Solar Inverter Firm Enphase Brings on Kleiner Perkins

The venture capital firm Kleiner Perkins Caufield & Byers has thrown its greentech weight (and funds) behind Enphase Energy, an early mover in the realm of microinverters for solar panels. Enphase announced today it has closed a $63 million round that included Kleiner Perkins, pushing the 4-year-old company’s total fundraising upwards of $100 million for technology that converts the direct current (DC) flowing out of solar panels into the alternating current (AC) used by the electric grid.

Enphase’s innovation is to do this conversion at the level of an individual solar panel, rather than at a large central conversion device where one failure can take down the whole system, and the weakest panel in a solar array can drag down the efficiency of better-performing panels.

Enphase, based in Petaluma, Calif., plans to use the new funds to speed up its product development and also begin a global expansion effort. The company told us in an interview last June that it wants to embed its microinverters directly into solar modules so that the two are sold bundled to installers. Raghu Belur, co-founder and VP of marketing for the Petaluma, Calif.-based startup, said at the time that within five years, he envisioned Enphase’s microinverters being pre-installed (rather than being mounted to solar panels out in the field), cutting overall system and labor costs.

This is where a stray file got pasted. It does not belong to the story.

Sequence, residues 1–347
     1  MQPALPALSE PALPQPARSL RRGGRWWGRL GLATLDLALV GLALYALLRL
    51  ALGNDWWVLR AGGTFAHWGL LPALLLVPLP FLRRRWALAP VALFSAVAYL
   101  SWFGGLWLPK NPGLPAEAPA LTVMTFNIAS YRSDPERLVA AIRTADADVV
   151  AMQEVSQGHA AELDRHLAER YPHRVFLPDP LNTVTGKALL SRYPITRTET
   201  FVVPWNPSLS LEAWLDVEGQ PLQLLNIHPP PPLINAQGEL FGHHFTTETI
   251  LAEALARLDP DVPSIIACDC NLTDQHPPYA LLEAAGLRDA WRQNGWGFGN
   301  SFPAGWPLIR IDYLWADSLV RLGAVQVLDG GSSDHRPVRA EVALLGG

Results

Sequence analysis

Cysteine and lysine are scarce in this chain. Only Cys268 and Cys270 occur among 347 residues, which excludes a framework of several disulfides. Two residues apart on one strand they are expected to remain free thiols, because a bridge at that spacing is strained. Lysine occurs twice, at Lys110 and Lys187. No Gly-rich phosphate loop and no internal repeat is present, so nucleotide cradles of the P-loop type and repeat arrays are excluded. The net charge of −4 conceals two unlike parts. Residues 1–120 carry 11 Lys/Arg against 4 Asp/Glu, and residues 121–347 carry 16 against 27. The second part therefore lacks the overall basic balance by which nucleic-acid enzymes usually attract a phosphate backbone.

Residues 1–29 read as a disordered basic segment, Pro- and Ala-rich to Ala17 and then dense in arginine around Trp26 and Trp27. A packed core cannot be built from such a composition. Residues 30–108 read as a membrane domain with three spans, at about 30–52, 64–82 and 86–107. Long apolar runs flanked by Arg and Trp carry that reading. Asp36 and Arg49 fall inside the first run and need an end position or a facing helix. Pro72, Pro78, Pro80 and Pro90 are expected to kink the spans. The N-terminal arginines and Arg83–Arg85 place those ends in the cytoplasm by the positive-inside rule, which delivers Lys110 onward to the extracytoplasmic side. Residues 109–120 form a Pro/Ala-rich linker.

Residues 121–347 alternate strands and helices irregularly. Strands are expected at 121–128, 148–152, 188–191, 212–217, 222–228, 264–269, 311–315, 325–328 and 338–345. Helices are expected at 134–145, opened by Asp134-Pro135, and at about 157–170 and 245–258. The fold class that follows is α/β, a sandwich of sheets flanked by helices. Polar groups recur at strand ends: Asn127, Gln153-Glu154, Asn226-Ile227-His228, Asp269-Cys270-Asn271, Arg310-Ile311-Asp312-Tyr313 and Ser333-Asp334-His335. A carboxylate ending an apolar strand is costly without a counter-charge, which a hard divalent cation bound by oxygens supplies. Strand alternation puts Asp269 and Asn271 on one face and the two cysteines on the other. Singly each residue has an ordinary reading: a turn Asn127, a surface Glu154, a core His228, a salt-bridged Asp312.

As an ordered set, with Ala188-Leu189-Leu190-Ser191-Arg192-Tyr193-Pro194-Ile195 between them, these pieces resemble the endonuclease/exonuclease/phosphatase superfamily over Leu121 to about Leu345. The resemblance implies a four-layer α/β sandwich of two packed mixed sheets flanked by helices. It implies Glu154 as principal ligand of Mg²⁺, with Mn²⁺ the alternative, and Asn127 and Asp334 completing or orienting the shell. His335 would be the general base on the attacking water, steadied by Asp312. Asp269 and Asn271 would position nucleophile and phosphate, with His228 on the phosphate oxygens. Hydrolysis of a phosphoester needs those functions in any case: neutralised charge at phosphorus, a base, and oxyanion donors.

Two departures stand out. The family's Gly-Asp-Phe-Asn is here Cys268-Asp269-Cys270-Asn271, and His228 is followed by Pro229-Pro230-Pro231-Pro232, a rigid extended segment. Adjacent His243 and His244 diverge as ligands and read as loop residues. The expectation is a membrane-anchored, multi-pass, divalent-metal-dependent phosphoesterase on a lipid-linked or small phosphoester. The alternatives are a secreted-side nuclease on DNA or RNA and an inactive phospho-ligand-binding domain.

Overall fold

Enphase’s investors include Third Point Ventures, RockPort Capital Partners, Madrone Capital Partners, PCG Asset Management and Applied Ventures, Bay Partners — and now Kleiner, whose partner Ben Kortlang said in a statement today that Enphase’s system “gives every solar system better performance and reliability, comprehensive intelligence and advanced communications.”

According to Enphase, the system combines microinverter technology, power-line communications and web-based tools for monitoring and analyzing module performance to improve reliability and deliver a 5-25 percent increase in the amount of energy harvested by a given solar array, compared to what’s typical with competing inverter systems. Since launching the business in 2008 (two years after its founding), Enphase says it has sold more than 300,000 microinverters.

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